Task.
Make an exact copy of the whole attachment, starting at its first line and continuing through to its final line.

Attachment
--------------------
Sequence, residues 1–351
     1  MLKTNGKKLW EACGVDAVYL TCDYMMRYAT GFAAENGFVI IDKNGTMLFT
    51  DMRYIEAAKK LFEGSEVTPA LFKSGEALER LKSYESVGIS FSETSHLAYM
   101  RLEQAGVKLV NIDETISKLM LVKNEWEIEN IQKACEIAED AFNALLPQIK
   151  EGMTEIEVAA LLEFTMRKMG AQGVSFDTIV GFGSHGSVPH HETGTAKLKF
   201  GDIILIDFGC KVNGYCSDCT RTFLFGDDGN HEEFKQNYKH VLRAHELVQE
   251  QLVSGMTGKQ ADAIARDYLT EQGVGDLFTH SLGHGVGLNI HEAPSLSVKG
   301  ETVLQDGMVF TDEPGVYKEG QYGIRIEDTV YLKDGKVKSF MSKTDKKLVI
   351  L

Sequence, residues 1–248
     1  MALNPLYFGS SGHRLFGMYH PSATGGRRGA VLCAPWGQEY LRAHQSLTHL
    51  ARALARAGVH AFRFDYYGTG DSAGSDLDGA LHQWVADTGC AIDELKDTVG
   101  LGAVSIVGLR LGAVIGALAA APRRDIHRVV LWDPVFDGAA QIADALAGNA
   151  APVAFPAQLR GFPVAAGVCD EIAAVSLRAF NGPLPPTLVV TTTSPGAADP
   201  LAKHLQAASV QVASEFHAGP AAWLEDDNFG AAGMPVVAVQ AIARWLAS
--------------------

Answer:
Sequence, residues 1–351
     1  MLKTNGKKLW EACGVDAVYL TCDYMMRYAT GFAAENGFVI IDKNGTMLFT
    51  DMRYIEAAKK LFEGSEVTPA LFKSGEALER LKSYESVGIS FSETSHLAYM
   101  RLEQAGVKLV NIDETISKLM LVKNEWEIEN IQKACEIAED AFNALLPQIK
   151  EGMTEIEVAA LLEFTMRKMG AQGVSFDTIV GFGSHGSVPH HETGTAKLKF
   201  GDIILIDFGC KVNGYCSDCT RTFLFGDDGN HEEFKQNYKH VLRAHELVQE
   251  QLVSGMTGKQ ADAIARDYLT EQGVGDLFTH SLGHGVGLNI HEAPSLSVKG
   301  ETVLQDGMVF TDEPGVYKEG QYGIRIEDTV YLKDGKVKSF MSKTDKKLVI
   351  L

Sequence, residues 1–248
     1  MALNPLYFGS SGHRLFGMYH PSATGGRRGA VLCAPWGQEY LRAHQSLTHL
    51  ARALARAGVH AFRFDYYGTG DSAGSDLDGA LHQWVADTGC AIDELKDTVG
   101  LGAVSIVGLR LGAVIGALAA APRRDIHRVV LWDPVFDGAA QIADALAGNA
   151  APVAFPAQLR GFPVAAGVCD EIAAVSLRAF NGPLPPTLVV TTTSPGAADP
   201  LAKHLQAASV QVASEFHAGP AAWLEDDNFG AAGMPVVAVQ AIARWLAS